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The Mission [1986] [DVD]

153 customer reviews

Price: £3.90 & FREE Delivery in the UK on orders over £20. Details
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Product details

  • Actors: Robert De Niro, Jeremy Irons, Ray McAnally, Liam Neeson, Aidan Quinn
  • Directors: Roland Joffe
  • Producers: Fernando Ghia, David Puttnam, Iain Smith
  • Format: PAL, Subtitled
  • Language: English
  • Subtitles: French, English, Italian
  • Region: Region 2 (This DVD may not be viewable outside Europe. Read more about DVD formats.)
  • Aspect Ratio: 16:9 - 2.35:1
  • Number of discs: 1
  • Classification: PG
  • Studio: Warner Home Video
  • DVD Release Date: 1 Jun. 2006
  • Run Time: 120 minutes
  • Average Customer Review: 4.7 out of 5 stars  See all reviews (153 customer reviews)
  • ASIN: B000BD0P38
  • Amazon Bestsellers Rank: 2,834 in DVD & Blu-ray (See Top 100 in DVD & Blu-ray)

Reviews

Product Description

The story of the conflict between slave-traders and Jesuits during the colonisation of South America by Spain and Portugal. In 1750 Jesuit priest Gabriel (Jeremy Irons) arrives in the Amazon to build a mission for the Guarani Indians. He comes into conflict with slave trader Mendoza (Robert De Niro), who kills or captures many of the tribe but escapes punishment due to the fact that he is an aristocrat. However, it transpires that even Mendoza has a conscience when he comes to Gabriel asking for penance.

From Amazon.co.uk

Roland Joffé (The Killing Fields) directs this fuzzy effort at a David Lean-like epic without David Lean's sense of emotional proportion. Lean's most important screenwriting collaborator, Robert Bolt, in fact wrote The Mission, which concerns a Jesuit missionary (Jeremy Irons) who establishes a church in the hostile jungles of Brazil and then finds his work threatened by greed and political forces among his superiors. Robert De Niro is briefly effective as a callous soldier who kills his own brother and then turns to Irons's character to oversee his penance and conversion to the clergy. The narrative and dramatic forces at work in this movie should be more stirring and powerful than they are--the problem being that Joffé is too removed from them to allow us in. --Tom Keogh --This text refers to an out of print or unavailable edition of this title.

Customer Reviews

4.7 out of 5 stars

Most Helpful Customer Reviews

17 of 18 people found the following review helpful By Trevor Willsmer HALL OF FAMETOP 100 REVIEWER on 8 Jun. 2007
Format: DVD
One of a trio of big-budget films that was intended to turn Goldcrest into a major producer after a run of successful (mostly) low-budget films but which instead all but destroyed the company, The Mission isn't as irredeemably disastrous as Revolution or as over-reaching as Absolute Beginners, but it's still a disappointment despite its many admirable qualities. Screenwriter Robert Bolt has an interesting, if obscure story to tell in the violent closure of the 18th Century Jesuit missions in Paraguay as part of a territorial wrangle between Spain and Portugal, with the Vatican going along with genocide to avoid political repercussions in Europe while the priests in the missions try to protect their native Guarani converts from the slave traders simply waiting for the Church to withdraw its protection. Robert Bolt's screenplay is strong, thanks to Chris Menges' cinematography the film looks superb and Ennio Morricone's score is one of his best. Yet the film feels as if something is missing, possibly because it is: the work-in-progress version that won the Palme D'Or at Cannes was reputedly nearly twice as long. What's left tells the story and makes its points, but doesn't really touch the heart or carry you along with more than academic interest. But perhaps worst of all, there's a gaping hole where the heart of The Mission should be in the form of Robert De Niro.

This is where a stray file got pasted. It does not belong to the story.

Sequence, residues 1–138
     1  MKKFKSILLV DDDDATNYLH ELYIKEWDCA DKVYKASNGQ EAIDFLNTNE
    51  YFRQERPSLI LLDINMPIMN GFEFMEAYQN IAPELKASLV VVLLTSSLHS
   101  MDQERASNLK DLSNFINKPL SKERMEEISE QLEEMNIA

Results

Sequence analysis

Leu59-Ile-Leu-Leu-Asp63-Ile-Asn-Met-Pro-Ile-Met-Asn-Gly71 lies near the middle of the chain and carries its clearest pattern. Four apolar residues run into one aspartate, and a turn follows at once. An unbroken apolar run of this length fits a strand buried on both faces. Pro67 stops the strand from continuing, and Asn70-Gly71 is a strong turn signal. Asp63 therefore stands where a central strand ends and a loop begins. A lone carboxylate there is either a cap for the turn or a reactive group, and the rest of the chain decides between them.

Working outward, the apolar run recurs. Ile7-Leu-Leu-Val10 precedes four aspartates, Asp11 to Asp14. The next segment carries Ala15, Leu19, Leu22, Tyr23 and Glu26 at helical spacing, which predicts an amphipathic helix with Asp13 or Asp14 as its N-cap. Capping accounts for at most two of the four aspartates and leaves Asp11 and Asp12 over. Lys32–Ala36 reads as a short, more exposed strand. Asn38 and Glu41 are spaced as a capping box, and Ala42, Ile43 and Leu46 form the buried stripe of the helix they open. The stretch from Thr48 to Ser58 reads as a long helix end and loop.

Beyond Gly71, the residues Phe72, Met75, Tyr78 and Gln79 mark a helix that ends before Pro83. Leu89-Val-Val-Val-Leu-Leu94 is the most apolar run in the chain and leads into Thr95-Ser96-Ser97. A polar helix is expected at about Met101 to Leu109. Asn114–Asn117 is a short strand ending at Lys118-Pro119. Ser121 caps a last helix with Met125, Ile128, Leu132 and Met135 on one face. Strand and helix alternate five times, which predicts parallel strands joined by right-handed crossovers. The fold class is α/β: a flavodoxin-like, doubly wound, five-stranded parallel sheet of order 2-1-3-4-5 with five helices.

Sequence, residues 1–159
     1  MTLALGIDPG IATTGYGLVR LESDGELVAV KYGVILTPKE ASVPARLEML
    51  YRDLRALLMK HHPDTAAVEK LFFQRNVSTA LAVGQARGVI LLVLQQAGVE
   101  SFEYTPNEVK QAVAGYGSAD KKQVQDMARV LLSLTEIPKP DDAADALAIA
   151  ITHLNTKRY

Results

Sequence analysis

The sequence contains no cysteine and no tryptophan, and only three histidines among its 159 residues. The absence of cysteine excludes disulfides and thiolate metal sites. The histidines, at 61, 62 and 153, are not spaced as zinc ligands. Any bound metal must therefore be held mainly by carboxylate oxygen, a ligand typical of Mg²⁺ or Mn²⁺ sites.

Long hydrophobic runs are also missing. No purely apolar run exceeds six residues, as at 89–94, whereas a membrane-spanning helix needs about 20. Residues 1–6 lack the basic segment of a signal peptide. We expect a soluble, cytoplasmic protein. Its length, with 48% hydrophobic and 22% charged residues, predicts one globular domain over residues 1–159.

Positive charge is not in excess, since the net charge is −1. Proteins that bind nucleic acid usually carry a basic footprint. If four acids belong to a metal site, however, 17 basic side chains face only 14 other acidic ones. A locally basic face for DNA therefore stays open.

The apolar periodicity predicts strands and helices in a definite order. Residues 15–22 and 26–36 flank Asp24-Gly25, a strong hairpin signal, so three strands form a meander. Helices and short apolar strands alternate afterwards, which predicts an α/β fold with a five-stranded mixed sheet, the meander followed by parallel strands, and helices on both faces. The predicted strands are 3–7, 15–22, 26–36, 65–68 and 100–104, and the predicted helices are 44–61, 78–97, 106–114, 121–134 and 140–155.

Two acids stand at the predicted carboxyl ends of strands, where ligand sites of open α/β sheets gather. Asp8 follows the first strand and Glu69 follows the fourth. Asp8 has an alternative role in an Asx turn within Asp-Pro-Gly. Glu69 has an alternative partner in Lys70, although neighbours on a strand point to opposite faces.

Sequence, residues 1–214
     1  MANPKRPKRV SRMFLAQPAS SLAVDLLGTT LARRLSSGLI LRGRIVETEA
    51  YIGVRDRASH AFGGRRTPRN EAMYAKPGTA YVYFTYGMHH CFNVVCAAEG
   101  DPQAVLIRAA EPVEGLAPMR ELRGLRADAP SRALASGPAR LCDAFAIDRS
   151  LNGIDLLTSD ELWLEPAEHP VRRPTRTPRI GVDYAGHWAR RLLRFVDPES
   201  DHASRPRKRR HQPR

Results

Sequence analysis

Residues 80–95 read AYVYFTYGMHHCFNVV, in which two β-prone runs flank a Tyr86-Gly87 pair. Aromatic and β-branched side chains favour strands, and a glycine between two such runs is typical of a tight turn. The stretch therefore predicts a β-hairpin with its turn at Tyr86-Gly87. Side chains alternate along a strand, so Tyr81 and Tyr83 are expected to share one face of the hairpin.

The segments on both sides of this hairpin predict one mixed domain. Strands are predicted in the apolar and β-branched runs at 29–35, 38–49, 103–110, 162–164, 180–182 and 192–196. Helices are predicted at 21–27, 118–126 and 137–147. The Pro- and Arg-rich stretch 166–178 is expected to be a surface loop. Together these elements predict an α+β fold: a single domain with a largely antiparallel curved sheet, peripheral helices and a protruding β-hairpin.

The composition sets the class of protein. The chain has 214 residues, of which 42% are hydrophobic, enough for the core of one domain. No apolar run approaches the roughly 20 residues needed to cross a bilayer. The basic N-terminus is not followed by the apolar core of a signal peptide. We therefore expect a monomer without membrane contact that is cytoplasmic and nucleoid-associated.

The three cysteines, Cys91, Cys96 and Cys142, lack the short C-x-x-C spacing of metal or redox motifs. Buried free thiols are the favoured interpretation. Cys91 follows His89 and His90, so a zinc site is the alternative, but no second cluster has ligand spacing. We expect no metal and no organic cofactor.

He looks the part, learnt fencing, speaks Spanish, yet for all that it's a hollow shell of a performance hiding behind underplayed surface detail.
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93 of 100 people found the following review helpful By Belfast Child on 17 Nov. 2006
Format: DVD
This is such an underrated film. In fact many people I speak to have never even heard of it. I watched it initially because of the haunting soundtrack (it would be worth watching for this alone) and was gripped by the storyline. This film shows the devestating effect that colonisation by Europeans had on the native tribes of the Amazon as well as telling the story of courageous missionaries trying to protect those they felt called to serve.